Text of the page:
Hey friends! I can hardly believe it’s been one full week since I’ve posted a new delicious or totally verbose story about my whereabouts. All for great reason which I’ll entertain next week. Just know that I’m so, so, thrilled to kick off this week with Hispanic Heritage Month. My way of celebrating this culturally diverse and exploratory initiative comes by way of sharing food from Latin America, not just Cuba. There are amazing cuisines throughout the Americas and this is the perfect time to highlight some of them. I did this feature last year to much success and was excited about doing it again. All week we’ll have a different food blogger, Latina or not, share an authentic recipe that’s dear to them. Hopefully you’ll love it as much as we do and be enticed to try it for yourselves!
First up is Elle of the colorful and really diverse blog, Elle’s New England Kitchen. I first *met* Elle (I just love her name!) when I started this blog back in 2008. Crazy to think it’s going on 5 years. Over time, we’ve grown to adore each other and our respective work and on and offline. She lives in New England as her blog suggests and loves to create recipes that are typical of the region. My favorite: Argentine Style Burgers. I love how Elle loves to play with Latin flavors. But, that always intrigued me. Her use of Latin flavors, like adobe, was intense and seemed unusual for an Americana living in New Hampshire. I finally found out and it all clicked. There’s a good and delicious explanation! Read below as she helps me kick off Hispanic Heritage Month with a really good treat I love to eat year-round! Let’s welcome Elle to Flanboyant Eats And, hola Elle’s readers! B-
By Elle of Elle’s New England Kitchen.
Hello, everyone! When Bren asked me to do a guest post for Hispanic Heritage Month, I jumped at the chance. I said yes for two reasons. One, Bren is a sweetheart, so how could I say no? Two, my husband is Latino. His mom came to the US from Honduras when she was 18. Me? Not so much. My roots are in Europe–specifically Ireland, Scotland and Germany. Maybe a bit in France, too.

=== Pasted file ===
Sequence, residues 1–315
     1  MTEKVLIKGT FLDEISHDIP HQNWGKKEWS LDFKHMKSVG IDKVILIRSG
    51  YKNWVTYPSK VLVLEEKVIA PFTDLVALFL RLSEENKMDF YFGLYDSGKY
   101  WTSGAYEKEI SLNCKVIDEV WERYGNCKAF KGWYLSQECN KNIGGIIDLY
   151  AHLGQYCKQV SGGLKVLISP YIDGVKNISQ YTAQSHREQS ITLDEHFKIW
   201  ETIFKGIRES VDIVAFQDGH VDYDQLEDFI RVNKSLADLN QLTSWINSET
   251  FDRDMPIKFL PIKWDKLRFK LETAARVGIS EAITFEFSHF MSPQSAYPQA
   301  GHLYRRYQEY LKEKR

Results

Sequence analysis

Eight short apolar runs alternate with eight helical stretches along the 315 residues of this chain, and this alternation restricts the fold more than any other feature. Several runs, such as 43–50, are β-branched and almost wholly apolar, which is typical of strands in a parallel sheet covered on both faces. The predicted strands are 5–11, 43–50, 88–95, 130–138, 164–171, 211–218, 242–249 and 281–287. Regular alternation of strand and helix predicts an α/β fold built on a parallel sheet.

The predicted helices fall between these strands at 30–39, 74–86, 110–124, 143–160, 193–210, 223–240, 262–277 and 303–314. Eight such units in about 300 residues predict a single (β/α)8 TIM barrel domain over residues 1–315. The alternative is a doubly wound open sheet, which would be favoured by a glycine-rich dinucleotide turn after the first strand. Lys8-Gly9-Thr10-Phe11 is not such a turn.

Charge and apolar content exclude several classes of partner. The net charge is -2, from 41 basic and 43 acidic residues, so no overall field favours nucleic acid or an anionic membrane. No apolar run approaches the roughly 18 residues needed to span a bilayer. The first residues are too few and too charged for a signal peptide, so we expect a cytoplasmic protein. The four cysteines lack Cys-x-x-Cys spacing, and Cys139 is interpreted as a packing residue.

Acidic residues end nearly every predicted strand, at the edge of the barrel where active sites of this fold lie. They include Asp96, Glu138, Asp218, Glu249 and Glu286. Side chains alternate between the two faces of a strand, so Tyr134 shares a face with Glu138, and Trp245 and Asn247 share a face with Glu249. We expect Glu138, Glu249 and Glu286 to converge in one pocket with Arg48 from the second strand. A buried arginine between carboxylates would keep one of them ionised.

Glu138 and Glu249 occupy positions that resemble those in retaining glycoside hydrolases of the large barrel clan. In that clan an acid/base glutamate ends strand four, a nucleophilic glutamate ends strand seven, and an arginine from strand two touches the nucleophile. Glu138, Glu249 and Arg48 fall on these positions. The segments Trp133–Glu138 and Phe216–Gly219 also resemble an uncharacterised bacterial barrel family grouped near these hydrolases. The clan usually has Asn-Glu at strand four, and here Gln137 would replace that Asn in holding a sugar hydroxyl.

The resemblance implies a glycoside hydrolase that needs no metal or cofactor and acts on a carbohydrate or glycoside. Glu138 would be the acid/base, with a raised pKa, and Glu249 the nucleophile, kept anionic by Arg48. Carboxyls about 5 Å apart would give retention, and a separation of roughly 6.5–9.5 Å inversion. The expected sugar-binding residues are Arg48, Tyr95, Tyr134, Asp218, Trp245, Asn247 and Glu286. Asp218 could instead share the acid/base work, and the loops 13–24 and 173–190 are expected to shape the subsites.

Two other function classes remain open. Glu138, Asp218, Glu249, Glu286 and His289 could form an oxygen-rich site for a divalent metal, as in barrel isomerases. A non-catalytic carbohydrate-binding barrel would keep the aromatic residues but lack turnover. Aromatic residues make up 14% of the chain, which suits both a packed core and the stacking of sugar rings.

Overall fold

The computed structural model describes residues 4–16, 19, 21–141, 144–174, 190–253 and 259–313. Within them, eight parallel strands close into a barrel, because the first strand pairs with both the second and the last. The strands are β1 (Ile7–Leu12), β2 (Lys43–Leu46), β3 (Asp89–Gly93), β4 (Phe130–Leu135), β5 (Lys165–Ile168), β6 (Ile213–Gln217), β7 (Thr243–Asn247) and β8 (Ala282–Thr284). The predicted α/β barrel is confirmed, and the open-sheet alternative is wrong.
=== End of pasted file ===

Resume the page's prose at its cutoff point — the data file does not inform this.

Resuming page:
My mother-in-law grew up on a very large plantation in Honduras. She didn’t have to do any cooking because they had servants for that, and as a result, she doesn’t have many family recipes. In fact, I don’t think she’s much of a fan of cooking at all. Plus, finding Honduran recipes online is near impossible! Thank goodness Goya has a cookbook devoted to Central America. I gave it to my husband and he chose some recipes for us to try, including today’s recipe for Salvadoran Pupusas. He remembers having these when he was a kid, so we decided to try these first.
CHECK BACK TOMORROW FOR A NEW FEATURED BLOGGER AND RECIPE INSPIRED BY LATIN AMERICA!
*This is part of an annual Hispanic Heritage Month food series, now in its 2nd year. Catch up on this years and previous delicious features:
How do you celebrate this culturally inspiring month?
* Images c/o of Elle’s New England Kitchen
Eat well, love unapologetically, pray with true intention, and take care of yourself.
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SALVADORAN PUPUSAS (by Elle’s New England Kitchen)
Makes about 8
Slightly adapted from Goya
For the Pupusa:
2 cups Masarica Instant Corn Dough Mix
1 ½ tsp. Adobo seasoing
3 cups hot water
oil for frying
For the Filling:
1 (16 oz) can refried beans
Queso Blanca, crumbled
In a medium bowl, combine the masarica, adobo and 2 cups of the water. Mix until the water is absorbed. Add the rest of the water a little at a time until you have a moist dough. You probably won’t need all of the water.
Take 3 tbsp of the dough and form a circle, roughly 5 inches across and ⅛ of an inch thick.. We did this by putting the dough inside a small Ziploc bag that had been oiled. (Just cut the sides of the bag open, leaving the bottom edge intact.) Put the dough inside the bag and press, either with a tortilla press, your hands, or a rolling pin.
Spread 1-2 tbsp of the refried beans over the dough circle, sprinkle with adobo, and some of the crumbled cheese. Cover that with a slightly smaller pressed dough circle and crimp the bottom edges up over the top and seal. Continue until you’ve used all of the dough.
In a skillet over medium-med. high heat, add enough oil to just coat the bottom of the pan. Fry your pupusas for about 6-8 minutes per side, or until nicely golden brown.
Serve warm with a simple pickled cabbage salad, or simply with toppings like salsa and sour cream. We thought these would be fabulous with a little seasoned ground beef or shredded chicken tucked inside, also. Maybe smaller sized for party food!